Genesis 33:1 Parallel Verses [⇓ See commentary ⇓]

Genesis 33:1, NIV: "Jacob looked up and there was Esau, coming with his four hundred men; so he divided the children among Leah, Rachel and the two female servants."

Genesis 33:1, ESV: "And Jacob lifted up his eyes and looked, and behold, Esau was coming, and four hundred men with him. So he divided the children among Leah and Rachel and the two female servants."

Genesis 33:1, KJV: "And Jacob lifted up his eyes, and looked, and, behold, Esau came, and with him four hundred men. And he divided the children unto Leah, and unto Rachel, and unto the two handmaids."

Genesis 33:1, NASB: "Then Jacob raised his eyes and looked, and behold, Esau was coming, and four hundred men with him. So he divided the children among Leah and Rachel, and the two slave women."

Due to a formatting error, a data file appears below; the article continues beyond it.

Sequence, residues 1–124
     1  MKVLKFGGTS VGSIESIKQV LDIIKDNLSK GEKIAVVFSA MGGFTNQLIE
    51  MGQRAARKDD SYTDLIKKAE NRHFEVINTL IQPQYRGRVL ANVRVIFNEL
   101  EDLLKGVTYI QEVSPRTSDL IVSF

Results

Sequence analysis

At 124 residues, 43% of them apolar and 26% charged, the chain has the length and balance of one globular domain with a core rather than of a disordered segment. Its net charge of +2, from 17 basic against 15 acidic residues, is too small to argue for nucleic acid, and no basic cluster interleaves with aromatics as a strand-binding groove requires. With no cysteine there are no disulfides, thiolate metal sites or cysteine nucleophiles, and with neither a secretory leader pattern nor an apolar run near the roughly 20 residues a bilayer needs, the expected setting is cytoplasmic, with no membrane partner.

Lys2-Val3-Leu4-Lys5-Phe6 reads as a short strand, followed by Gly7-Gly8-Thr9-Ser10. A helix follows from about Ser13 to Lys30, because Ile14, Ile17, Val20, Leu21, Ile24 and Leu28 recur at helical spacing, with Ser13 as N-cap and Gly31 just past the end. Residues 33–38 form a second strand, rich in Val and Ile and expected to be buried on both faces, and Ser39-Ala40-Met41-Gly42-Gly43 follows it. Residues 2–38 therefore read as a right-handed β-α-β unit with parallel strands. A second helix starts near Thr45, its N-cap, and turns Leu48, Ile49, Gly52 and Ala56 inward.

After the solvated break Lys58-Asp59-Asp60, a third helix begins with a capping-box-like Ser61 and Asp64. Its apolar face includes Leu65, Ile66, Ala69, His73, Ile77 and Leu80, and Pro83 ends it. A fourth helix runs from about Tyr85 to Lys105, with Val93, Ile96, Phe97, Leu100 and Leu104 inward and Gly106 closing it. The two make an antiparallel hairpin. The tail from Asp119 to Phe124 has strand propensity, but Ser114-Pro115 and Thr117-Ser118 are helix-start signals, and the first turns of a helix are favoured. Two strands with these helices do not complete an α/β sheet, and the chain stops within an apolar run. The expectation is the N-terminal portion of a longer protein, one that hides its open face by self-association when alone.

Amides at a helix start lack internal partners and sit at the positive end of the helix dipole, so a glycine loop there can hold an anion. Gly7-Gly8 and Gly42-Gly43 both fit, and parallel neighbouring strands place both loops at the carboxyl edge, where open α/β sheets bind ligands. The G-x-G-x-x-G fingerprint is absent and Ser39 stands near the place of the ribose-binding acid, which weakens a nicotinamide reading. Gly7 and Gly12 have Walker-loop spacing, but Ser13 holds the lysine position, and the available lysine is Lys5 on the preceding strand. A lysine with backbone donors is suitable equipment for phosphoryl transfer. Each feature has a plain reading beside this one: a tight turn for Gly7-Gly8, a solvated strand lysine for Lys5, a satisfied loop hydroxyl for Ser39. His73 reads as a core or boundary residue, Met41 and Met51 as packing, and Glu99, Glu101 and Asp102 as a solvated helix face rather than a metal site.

Genesis 33:1, NLT: "Then Jacob looked up and saw Esau coming with his 400 men. So he divided the children among Leah, Rachel, and his two servant wives."

Genesis 33:1, CSB: "Now Jacob looked up and saw Esau coming toward him with four hundred men. So he divided the children among Leah, Rachel, and the two slave women."

What does Genesis 33:1 mean? [⇑ See verse text ⇑]

The moment has finally come. Years before, Jacob fled this region to avoid the murderous wrath of a brother he'd cheated (Genesis 27:41–45). On the way back, Jacob was informed that Esau was on his way with 400 men: news which terrified Jacob. After splitting his caravan to minimize potential losses (Genesis 32:7–8) and a divine encounter with God (Genesis 32:22–32), Jacob is finally going to face his twin and his own past. At this meeting, he will finally discover if Esau has come to kill him or welcome him home.

Still planning for the worst, Jacob makes one last adjustment in the final moments before he meets his brother. He divides his wives and children and places them in a specific arrangement described in the following verses. His intent here is strategic. The arrangement described in this passage gives Jacob's loved ones better opportunity to escape if Esau's response is violent.